Murphy emphasized that there is an important people component to that strategy of concentrating on both land and water — to connect all of us to the natural world.

The merger will move those plans forward exponentially, Murphy said, because it serves as an opportunity “to bring in-house real expertise on water issues” and combine that knowledge with those conservation tasks The Land Trust has long focused upon.

The Land Trust, established 15 years ago, has forged the very concept of private land protection in the state’s westernmost counties, plus successfully worked on habitat restoration and cultural landscape conservation. The latter includes farmland and historic preservation. The group’s crowning success was the preservation of the 4,500-acre Needmore Tract, which straddles Macon and Swain counties along the Little Tennessee River, and was the likely site of development.

The watershed association helped secure the Needmore tract, plus partnered with the Land Trust and Macon County’s Soil and Water Conservation District on stream-bank restoration.


Expanding focus

The watershed association has a history of open advocacy on conservation issues, particularly under the out-spoken Sanders, its most-recent and final executive director. By contrast, The Land Trust has been more low-key and behind-the-scenes in its approach, though there have been issues in which the board has elected to become openly involved.

“The Land Trust has tried hard to not get caught up in polarizing issues,” Carlson said, “and we will continue to lead on results-oriented work.”

Carlson and Murphy both said The Land Trust is considering a more pro-active stance when it comes to conservation protections. And the spunky, outspoken and out-front history of the watershed association should slide nicely into that new focus.

“In the past, we have taken public positions on issues that involve the environment and conservation in our area,” Murphy said of The Land Trust. “But we plan to be a little more public about our positions and views of things that are happening in the region.”


Conservation merger

• The Land Trust for the Little Tennessee works to conserve the waters, forests, farms, and heritage of the Upper Little Tennessee and Hiwassee River Valleys. The organization works in partnership with private landowners, public agencies, and others to conserve land.

• The Little Tennessee Watershed Association works to protect and restore the health of the Little Tennessee River and its tributaries through monitoring, education, habitat restoration and citizen action.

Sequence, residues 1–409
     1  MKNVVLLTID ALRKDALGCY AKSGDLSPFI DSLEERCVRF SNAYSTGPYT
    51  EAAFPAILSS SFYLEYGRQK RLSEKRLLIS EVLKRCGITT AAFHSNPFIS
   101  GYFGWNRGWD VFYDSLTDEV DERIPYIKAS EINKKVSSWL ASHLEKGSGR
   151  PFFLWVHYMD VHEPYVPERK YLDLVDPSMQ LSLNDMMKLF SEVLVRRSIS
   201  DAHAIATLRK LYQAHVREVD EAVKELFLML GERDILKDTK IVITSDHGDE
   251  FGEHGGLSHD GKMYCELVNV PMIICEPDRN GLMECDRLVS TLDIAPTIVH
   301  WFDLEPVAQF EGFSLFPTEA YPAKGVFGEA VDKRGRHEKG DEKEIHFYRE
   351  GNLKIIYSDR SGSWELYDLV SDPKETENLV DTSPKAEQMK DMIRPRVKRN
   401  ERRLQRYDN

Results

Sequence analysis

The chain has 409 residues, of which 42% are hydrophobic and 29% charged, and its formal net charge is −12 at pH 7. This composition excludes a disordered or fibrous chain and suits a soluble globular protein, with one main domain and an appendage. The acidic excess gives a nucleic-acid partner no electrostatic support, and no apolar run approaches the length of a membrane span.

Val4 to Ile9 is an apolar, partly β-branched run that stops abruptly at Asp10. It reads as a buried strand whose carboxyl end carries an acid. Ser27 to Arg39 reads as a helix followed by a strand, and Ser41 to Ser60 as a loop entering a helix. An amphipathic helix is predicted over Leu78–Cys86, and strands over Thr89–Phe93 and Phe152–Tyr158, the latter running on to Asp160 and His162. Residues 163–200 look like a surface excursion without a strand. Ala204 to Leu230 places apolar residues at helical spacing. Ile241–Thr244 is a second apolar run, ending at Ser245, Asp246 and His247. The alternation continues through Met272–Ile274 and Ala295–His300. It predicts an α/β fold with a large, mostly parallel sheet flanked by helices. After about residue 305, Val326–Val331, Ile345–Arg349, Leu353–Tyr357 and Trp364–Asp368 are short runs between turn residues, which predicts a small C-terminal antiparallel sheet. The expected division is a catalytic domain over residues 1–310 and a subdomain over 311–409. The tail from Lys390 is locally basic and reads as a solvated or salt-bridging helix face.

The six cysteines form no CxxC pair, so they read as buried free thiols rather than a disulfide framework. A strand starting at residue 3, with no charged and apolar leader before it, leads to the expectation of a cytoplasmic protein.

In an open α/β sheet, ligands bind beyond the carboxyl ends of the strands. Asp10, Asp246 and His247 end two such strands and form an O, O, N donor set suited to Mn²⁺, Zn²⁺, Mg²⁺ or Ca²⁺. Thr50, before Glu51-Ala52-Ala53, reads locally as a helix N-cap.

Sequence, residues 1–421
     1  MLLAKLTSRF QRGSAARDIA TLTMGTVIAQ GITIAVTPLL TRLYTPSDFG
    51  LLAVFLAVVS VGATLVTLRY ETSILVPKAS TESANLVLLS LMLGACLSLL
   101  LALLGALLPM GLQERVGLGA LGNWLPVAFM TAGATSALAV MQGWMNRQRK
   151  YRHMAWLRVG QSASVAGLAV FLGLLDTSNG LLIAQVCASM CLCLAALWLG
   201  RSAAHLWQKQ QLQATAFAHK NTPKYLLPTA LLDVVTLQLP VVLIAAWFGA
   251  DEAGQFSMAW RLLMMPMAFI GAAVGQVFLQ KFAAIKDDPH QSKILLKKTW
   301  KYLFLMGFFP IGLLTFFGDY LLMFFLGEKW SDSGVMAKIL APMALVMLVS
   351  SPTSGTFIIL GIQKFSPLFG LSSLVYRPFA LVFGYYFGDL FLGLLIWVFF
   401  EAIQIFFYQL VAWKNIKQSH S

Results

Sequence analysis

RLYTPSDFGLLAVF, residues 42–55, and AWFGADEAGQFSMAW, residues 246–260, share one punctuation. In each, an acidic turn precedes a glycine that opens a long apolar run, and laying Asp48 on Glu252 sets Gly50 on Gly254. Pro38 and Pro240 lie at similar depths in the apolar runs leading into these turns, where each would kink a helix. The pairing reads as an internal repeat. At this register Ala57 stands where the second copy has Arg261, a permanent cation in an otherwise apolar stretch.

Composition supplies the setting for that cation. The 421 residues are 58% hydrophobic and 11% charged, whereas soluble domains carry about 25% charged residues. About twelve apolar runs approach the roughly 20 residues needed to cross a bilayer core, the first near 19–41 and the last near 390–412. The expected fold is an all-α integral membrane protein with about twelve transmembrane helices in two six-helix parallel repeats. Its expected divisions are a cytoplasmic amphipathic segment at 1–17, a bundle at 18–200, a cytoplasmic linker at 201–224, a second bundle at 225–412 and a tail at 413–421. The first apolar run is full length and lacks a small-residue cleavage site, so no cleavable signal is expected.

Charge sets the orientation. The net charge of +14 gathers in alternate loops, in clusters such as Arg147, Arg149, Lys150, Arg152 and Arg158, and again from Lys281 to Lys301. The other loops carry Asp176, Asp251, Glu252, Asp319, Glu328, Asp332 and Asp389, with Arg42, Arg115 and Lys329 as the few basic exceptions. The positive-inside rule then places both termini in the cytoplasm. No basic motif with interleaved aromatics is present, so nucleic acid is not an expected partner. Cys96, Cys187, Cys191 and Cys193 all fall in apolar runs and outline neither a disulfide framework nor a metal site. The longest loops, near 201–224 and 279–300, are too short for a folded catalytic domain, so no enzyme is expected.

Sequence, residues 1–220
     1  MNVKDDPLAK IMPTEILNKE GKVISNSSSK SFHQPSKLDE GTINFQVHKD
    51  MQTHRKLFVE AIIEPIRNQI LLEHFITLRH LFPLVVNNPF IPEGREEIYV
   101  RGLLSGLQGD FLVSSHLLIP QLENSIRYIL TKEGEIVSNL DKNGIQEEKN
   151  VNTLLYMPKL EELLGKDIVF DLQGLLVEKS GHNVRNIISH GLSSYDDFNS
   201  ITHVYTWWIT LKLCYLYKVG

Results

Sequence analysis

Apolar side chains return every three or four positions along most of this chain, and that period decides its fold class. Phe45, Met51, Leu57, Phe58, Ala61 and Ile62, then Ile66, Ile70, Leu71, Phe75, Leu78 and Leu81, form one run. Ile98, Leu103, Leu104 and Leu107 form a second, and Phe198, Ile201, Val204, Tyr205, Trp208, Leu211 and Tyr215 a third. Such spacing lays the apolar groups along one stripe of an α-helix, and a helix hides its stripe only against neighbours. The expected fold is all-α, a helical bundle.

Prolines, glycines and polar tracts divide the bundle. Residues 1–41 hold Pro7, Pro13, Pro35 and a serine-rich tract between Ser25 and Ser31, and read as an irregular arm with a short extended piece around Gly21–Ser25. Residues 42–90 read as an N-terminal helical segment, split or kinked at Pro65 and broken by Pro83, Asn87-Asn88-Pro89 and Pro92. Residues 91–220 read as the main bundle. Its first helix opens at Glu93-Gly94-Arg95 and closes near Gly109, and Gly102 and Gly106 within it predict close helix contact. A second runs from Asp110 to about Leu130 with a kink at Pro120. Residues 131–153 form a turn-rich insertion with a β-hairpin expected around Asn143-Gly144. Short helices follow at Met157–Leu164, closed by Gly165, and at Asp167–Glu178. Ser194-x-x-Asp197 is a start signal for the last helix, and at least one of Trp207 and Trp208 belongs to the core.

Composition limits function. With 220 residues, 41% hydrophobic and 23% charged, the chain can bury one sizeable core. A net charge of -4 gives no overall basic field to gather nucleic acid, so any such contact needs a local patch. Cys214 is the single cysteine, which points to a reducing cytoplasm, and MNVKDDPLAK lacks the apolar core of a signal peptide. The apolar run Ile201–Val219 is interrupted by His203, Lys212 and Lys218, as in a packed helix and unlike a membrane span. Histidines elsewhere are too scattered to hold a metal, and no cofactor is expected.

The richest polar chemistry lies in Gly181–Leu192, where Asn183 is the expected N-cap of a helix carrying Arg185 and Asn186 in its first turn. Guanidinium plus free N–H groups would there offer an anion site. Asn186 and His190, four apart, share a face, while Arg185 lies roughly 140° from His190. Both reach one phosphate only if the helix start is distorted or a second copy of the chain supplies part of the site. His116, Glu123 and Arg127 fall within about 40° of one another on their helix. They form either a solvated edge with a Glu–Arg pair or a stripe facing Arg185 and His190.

Swain and Macon commissioners believe a state plan to widen and pave a 3.3-mile gravel road along a remote stretch of the Little Tennessee River goes too far.

Leaders of both counties have unanimously called for a scaled down version of the full-blown design suggested by the N.C. Department of Transportation. The DOT plan would widen the narrow road to a minimum of 18 feet, with additional construction work on the roadway’s shoulders.

The estimated price tag is $13.1 million, which environmental groups have termed a colossal waste of taxpayer dollars. That said, many of those same environmentalists have called for some type of surface treatment because of river-damaging sedimentation from the gravel road. The Little Tennessee River is within spitting distance of the road, and dirt is spewed routinely into the water, damaging the fragile aquatic balance.

The resolutions by Swain and Macon commissioners for a compromise design received rave reviews from those same environmental groups. Julie Sanders of the Little Tennessee Watershed Association offered “many thanks” for the wisdom shown by both boards.

“We appreciate Macon and Swain counties’ leadership on this issue and feel that this is an important move,” she said. “It shows that both boards care about Needmore and that they listened to the community.”

Some residents along Needmore Road, however, believe the scaled down version backed by county commissioners falls short of what’s required to actually make the road safer.

“Needmore will essentially remain an unsafe road,” said Stephen Poole, one of those few people who actually live in the remote area. “Those of us who actually use the road would like to see it paved and made safer. We also would like to see this done with extraordinary care for the environment the road passes through. We not only live in the area, we love it.”

Brian McClellan, chairman of the Macon County Board of Commissioners, said he believed that the two county boards, via the resolutions, walked the line between protecting the area and helping residents have a safer byway to and from their homes. The resolutions (with wording agreed on beforehand by representatives from both counties) noted: “both … agree and support efforts to improve and pave in place … with modifications including river-access areas and guardrails at specific needed locations.”